You Already Know


I believed the Church was true, but when did I receive that witness?

You Already Know

One day at school, a classmate and I somehow entered into the topic of religion. My classmate became a little antagonistic and started to criticize what I believed.

She looked me in the face and said, “You believe in your Church only because your parents raised you in it. Otherwise, you wouldn’t believe.”

I don’t remember what I said to her, but I kept thinking about her comment and wondering why she would say that. I had been raised in the Church, and, really, I had never questioned the Church’s teachings or doctrines. Ever since I was little, I felt the Church was true. Before I was even baptized, our family read the Book of Mormon together, and I knew it was true. I didn’t just believe; I knew it and had no doubts. But I couldn’t define a particular moment when I had received that witness. For some time that bothered me. I wanted to have a particular experience when I would pray and immediately the answer would come rushing to me. It never happened.

But what I could define was a moment when my testimony was confirmed. After my first year of high school, I went with some other youth on a tour to Church history sites. When we arrived at the Sacred Grove, our tour guide invited us to seek a personal confirmation that what had happened there was true: that God the Father and Jesus Christ appeared to Joseph Smith and initiated the Restoration. I found a quiet place in the grove and read the account of the First Vision. Then I knelt down and prayed. I already knew the First Vision had happened and that Joseph Smith was a prophet. But I asked anyway. I finished my prayer, and nothing happened. No grand feeling, no vision, no angels. Nothing.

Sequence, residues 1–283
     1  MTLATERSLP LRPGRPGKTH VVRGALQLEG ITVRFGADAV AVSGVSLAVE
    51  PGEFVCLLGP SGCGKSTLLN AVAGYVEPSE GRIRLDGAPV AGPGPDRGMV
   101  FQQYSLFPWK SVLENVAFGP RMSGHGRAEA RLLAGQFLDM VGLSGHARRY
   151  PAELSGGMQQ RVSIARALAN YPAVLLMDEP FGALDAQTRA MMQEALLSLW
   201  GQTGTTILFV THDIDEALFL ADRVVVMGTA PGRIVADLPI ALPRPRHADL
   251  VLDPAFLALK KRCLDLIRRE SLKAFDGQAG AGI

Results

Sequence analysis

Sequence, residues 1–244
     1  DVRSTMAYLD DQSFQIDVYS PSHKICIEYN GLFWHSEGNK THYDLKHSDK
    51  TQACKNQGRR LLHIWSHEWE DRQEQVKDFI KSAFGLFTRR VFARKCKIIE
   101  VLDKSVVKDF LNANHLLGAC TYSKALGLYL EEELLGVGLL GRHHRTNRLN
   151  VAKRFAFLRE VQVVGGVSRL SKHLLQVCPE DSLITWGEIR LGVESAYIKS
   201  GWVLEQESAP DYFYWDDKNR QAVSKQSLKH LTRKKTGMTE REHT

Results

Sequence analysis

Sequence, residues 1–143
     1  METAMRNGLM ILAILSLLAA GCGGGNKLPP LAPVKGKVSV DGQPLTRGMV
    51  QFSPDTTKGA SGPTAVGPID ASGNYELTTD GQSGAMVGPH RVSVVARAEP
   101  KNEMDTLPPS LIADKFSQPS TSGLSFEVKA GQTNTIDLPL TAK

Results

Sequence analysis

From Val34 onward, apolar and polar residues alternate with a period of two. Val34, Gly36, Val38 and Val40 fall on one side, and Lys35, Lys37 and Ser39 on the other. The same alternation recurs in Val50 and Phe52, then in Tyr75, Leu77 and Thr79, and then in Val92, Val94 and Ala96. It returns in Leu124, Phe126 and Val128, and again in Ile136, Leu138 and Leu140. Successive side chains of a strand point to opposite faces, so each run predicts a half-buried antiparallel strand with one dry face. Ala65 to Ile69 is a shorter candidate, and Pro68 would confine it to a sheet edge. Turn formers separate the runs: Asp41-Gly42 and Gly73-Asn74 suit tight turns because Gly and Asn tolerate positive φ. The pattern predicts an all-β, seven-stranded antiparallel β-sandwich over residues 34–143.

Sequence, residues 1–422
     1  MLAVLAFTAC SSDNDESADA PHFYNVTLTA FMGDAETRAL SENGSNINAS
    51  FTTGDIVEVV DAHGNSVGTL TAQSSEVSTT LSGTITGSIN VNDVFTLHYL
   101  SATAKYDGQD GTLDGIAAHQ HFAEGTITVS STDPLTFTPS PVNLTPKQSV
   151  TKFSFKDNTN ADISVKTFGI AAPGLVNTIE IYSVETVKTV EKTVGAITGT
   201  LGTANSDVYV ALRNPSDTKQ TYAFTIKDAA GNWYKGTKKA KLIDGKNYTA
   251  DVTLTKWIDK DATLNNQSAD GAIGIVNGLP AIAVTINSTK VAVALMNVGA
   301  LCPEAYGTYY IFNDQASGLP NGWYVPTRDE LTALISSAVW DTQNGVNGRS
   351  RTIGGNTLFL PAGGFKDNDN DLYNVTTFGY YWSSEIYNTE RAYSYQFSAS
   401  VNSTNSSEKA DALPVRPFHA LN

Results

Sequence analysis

I found a rock and sat down and opened my patriarchal blessing and started to read. My blessing mentioned the Restoration of the gospel, and in my head the words repeated: “You already know. You already know.”

If I could go back to that moment when my friend challenged what I believed, I don’t know how I would describe how I know the Church is true. But I wish I had told her that while my parents had taught me what they knew to be true, I had to find that answer for myself. And I did.

I didn’t need to go to the Sacred Grove to know the Church was true. I didn’t need any great experience to know the Church was true. I just needed to be reminded, “You already know.”

For more on this topic, see Elder Neil L. Andersen’s October 2008 general conference talk, “You Know Enough,” at conference.lds.org.

Photograph by Tim Taggart, © IRI